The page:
While many people think of the dandelion (Taraxacum officinale) as a pesky weed, it is packed full of vitamins A, B, C, and D, as well as minerals, such as iron, potassium, and zinc. Dandelion leaves can be used to add flavor to salads, sandwiches, and teas. Dandelion Roots can be used in some coffee substitutes, and the flowers are used to make wines. (5)
Dandelion stems are capped by bright yellow flowers. The grooved leaves funnel rain to the root. Dandelion flowers open with the sun in the morning and close in the evening or during gloomy weather. The dark brown roots are fleshy and brittle and are filled with a white milky substance that is bitter and slightly smelly. (5)
In the past, dandelion roots and leaves were used to treat liver problems. Native Americans also boiled dandelion in water and took it to treat kidney disease, swelling, skin problems, heartburn, and upset stomach. In traditional Chinese medicine, dandelion has been used to treat stomach problems, appendicitis, and breast problems, such as inflammation or lack of milk flow. In Europe, dandelion was used in remedies for fever, boils, eye problems, diabetes, and diarrhea. (5)
Dandelion root is primarily considered a gastrointestinal remedy, supporting digestion and liver function. The Latin name Taraxacum is from the Greek and means “disease remedy.” (4)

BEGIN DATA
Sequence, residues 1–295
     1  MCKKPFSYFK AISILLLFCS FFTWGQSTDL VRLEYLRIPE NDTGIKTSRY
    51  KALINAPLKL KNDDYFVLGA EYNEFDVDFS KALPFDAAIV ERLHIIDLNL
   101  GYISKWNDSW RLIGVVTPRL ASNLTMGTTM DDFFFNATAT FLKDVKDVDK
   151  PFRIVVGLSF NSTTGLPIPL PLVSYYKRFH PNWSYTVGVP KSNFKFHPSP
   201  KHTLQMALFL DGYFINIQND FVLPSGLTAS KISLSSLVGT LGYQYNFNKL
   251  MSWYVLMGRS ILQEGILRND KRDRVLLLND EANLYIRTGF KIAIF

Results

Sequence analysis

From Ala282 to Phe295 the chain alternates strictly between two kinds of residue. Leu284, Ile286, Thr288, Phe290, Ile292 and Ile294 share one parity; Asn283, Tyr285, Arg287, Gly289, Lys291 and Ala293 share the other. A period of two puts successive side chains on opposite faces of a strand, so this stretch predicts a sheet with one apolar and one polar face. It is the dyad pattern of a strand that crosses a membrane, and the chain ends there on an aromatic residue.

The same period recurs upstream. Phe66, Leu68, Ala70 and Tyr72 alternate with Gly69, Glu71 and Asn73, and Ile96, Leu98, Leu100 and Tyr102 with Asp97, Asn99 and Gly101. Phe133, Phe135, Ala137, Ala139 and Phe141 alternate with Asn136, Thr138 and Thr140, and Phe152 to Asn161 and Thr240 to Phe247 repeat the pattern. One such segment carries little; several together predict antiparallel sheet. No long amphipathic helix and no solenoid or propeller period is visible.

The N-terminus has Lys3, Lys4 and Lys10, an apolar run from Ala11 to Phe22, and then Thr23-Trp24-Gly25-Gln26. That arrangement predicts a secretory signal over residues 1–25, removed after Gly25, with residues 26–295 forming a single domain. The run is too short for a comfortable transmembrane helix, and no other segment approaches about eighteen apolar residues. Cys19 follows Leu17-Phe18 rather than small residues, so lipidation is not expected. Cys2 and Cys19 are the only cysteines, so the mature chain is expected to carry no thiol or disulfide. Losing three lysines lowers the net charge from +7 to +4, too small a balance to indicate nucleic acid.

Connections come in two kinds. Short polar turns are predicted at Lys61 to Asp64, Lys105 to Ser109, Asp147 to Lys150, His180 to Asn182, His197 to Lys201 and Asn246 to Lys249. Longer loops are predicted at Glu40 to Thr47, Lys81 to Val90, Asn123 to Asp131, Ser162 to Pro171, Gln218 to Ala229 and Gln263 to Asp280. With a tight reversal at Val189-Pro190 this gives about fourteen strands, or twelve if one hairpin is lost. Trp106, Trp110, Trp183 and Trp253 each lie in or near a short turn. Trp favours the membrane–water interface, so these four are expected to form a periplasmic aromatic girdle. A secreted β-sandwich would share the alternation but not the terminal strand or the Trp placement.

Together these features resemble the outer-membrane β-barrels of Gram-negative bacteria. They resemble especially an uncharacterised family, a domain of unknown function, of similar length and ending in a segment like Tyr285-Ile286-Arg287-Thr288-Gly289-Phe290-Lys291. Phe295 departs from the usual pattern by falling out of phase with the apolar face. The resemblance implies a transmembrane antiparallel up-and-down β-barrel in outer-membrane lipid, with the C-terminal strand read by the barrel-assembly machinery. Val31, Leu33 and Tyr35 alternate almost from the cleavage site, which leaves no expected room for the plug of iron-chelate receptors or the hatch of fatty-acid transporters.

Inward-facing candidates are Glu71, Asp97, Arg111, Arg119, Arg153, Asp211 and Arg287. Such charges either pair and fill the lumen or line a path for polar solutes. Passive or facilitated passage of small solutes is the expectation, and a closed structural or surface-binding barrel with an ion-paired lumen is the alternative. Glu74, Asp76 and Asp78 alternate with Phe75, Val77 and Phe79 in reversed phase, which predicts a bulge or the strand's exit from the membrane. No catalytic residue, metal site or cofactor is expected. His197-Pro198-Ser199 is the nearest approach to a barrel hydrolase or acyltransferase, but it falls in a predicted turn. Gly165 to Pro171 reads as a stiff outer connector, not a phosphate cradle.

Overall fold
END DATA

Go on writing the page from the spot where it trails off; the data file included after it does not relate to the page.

Dandelion leaves act as a diuretic, increasing the amount of urine your body makes. The leaves are used to stimulate the appetite and help digestion. The dandelion flower has antioxidant properties. Dandelion may also help improve the immune system. (5)
The chief constituents of Dandelion root are Taraxacin, acrystalline, bitter substance, of which the yield varies in roots collected at different seasons, and Taraxacerin, an acrid resin, with Inulin (a sort of sugar which replaces starch in many of the Dandelion family, Compositae), gluten, gum, and potash. The root contains no starch, but early in the year contains much uncrystallizable sugar and laevulin, which differs from Inulin in being soluble in cold water. This diminishes in quantity during the summer and becomes Inulin in the autumn. The root may contain as much as 24 percent. In the fresh root, the Inulin is present in the cell-sap, but in the dry root it occurs as an amorphous, transparent solid, which is only slightly soluble in cold water, but soluble in hot water. (8)